A Drop in the Ocean has restarted our activities for unaccompanied minors in Moria refugee camp. Our coordinator, Magnus Svensson, describes an emotionally strong meeting with the children who have been missing activities for several weeks, and that there are even more children participating in our activities than before.
Text and photo: Magnus Svensson
Already on our way into the camp, we are greeted by smiling teenagers who lives in Section A for unaccompanied minors. They insist on helping us and offers to carry our big heavy boxes filled with board games, sports- and handcraft supplies.
We get the same reaction as we continue and enter Section B. A big group of children shines up and are eager to help us set up big tables and chairs for this evenings activity, taking place outside. A frisbee is flying in-between peoples heads, but manages in some way, not to hit anyone.
The biggest attraction of the night, is the sewing machine we have brought for the children to fix their clothes, change some pants and make them more stylish, because like all teenagers around the world, they want to look good. The good vibe spreads despite our corona precautions, the outdoor has plenty of space and we have never had a bigger amount of children joining our activities before.
These are exactly the moments we missed during lock down; to see the children with a big smile on their face, playing together, taking turns in using our portable speaker to play their favourite music from their different home-countries.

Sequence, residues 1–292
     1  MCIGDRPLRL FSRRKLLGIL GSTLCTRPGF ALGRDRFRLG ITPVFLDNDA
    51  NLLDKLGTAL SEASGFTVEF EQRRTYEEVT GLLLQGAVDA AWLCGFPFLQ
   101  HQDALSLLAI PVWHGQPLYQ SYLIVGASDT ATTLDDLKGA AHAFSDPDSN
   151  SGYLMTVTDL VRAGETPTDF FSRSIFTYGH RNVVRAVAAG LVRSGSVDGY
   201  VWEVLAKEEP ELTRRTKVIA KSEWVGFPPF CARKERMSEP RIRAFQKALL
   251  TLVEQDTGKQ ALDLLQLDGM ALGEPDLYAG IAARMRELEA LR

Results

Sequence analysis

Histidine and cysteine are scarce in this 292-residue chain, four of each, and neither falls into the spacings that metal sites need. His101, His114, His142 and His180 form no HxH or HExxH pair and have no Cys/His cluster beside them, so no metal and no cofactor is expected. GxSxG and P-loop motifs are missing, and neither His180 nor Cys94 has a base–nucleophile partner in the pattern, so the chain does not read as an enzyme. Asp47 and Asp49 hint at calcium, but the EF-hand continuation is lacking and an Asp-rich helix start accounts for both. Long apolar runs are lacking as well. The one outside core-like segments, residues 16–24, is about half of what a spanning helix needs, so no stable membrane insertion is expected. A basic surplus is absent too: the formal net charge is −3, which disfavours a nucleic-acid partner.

That is when I get a bit emotional, and have to take a step back to just see what a great relief our activities represent for these children. I love to see the children playing in groups and teach each other new games or even some new “magic” tricks. We brought in some juggling balls and some of the children learns pretty fast how to juggle, and then walks proudly around the section to show off their new skills and offers to teach their friends.
We are very aware of their constant struggles living in the camp, like self-harm, their mental health and getting into fights, just to name a few. To see a dozen older boys sit in an meditative state making bracelets or drawings for hours, to then proudly showing the result to and teach their friends, is extremely heartwarming and makes us proud of what we do.
Restarting our activities in the camp, with a very limited team has been both challenging and tiring. But every single time we go into the safe zone or sections, all the weariness and challenges disappear as we realise how a single, or two in this case, drops can have an impact, contribute with something meaningful and make things a little better.
But, as often happens in Moria, the situation can change fast. From one moment to another a group of outside teenagers disrupt the activities, they are looking for a fight. The expression on the children’s faces is the same as mine, tired of problems, but nobody challenges the new group and they soon loose interest. We finally manage to get them out, but you can tell that the atmosphere has changed and the reality of the camp is present again.
We eventually pack up and an even bigger group then before are now helping us to clean up and move the furniture inside, many of them are wondering; would we be back the next day?
Outside at the main entrance of the camp, the sewer system is overflowed, again, and the whole road in front of the gate is covered in black water. People are stuck on the one side of the road, to cross they have to walk through the water with feces. A family with an old lady in a wheelchair looks around for help.
I caught the eye of a man standing next to me. He exclaims: “So this is Europe”.